Between our daughter and us, acting as the great wall of people that our 4-year-old grandson was constantly circumventing on his trips between mom and his grandparents, was the mixed, but mostly young, Bernie crowd.

Pete Buttigieg’s crowd was a good size, but was blocked from my view, so I’m not sure what kind of person showed up for Pete in my area. Other than they were the only group to chant now and then, which was mildly irritating, to be honest.

We waited, we chatted. My wife and I were on the edge of the Amy Klobuchar group, partly because our grandson kept coming and going. We were right next to the Biden Senior Center and adjacent to the Bernie Sanders Day Care. I chatted for a while with a gang of 80-year-old ladies who were clustered around a tall, thin retired Coe College librarian. I lent him a pen, which turned out to be a mistake since it came from my daughter’s bag and was one her favorites and disappeared into the night like Tulsi Gabbard.

A 10-month old baby was standing up in in his buggy just across the border in Sandersland. He looked at me. I grinned at him. He smiled and squealed and I chatted amiably with his parents. The retired librarian shot the breeze with me too, as did his geriatric girl squad.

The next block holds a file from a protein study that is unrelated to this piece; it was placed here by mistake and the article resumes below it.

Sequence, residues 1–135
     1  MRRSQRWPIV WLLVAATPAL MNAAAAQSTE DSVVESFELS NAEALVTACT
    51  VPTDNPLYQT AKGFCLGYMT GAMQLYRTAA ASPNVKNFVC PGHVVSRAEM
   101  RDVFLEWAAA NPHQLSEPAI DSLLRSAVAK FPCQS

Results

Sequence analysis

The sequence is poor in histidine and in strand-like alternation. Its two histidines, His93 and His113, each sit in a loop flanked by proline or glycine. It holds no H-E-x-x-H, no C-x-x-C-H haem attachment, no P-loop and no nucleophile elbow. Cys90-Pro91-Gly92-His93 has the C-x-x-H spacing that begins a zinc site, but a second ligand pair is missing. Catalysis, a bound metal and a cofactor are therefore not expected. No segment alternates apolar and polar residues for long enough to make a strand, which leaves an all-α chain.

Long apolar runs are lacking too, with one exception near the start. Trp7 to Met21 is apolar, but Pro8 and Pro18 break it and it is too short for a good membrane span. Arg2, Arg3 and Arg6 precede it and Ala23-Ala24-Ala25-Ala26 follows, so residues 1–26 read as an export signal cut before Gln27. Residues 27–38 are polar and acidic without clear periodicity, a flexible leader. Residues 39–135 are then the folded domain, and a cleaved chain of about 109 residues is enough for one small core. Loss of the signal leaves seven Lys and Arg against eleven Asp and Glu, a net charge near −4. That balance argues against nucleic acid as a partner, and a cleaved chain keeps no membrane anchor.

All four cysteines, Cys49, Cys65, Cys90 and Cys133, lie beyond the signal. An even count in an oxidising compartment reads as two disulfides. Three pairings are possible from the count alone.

The spirit was collegial. We supported different candidates, but felt united in a cause. I think for most of us in the room, we know who we wanted, but even more strongly, we known who we didn’t want.

Heck, even if the Democrats went ape crazy and for some mad reason nominated Tulsi Gabbard, I would vote for her. Bernie Sanders has had a recent heart attack and is a socialist—which I am not—but I would vote for Bernie. Joe Biden is a decent man who is way too connected to old, corrupt politics and whose best days were years ago—he’s not the kind of person who would make a great president, in my opinion. I’d vote for him, too.

Some of these people I would vote for with more reluctance. Others I would have more enthusiasm for. But none would have to work hard to earn my vote.

Because the alternative is four more y ears of Donald Trump, worst president in American history.

Anyway, the caucus meeting, compared to ones I’d experienced in previous presidential cycles, went smoothly. We got numbered cards to write our preferences on, which created a paper record and eliminated much of the counting chaos of past caucuses.

Our precinct chair was surprised at how Iowa Nice everyone was. “Nobody has yelled at me tonight,” he marveled at one point.

That was Monday evening. Later, the phone app failed, the call-in line was understaffed and the state party melted like a Russian nuclear reactor. Perhaps it is the death of the Iowa Caucuses, but it’s good that my final one, should that happen, was the most pleasant.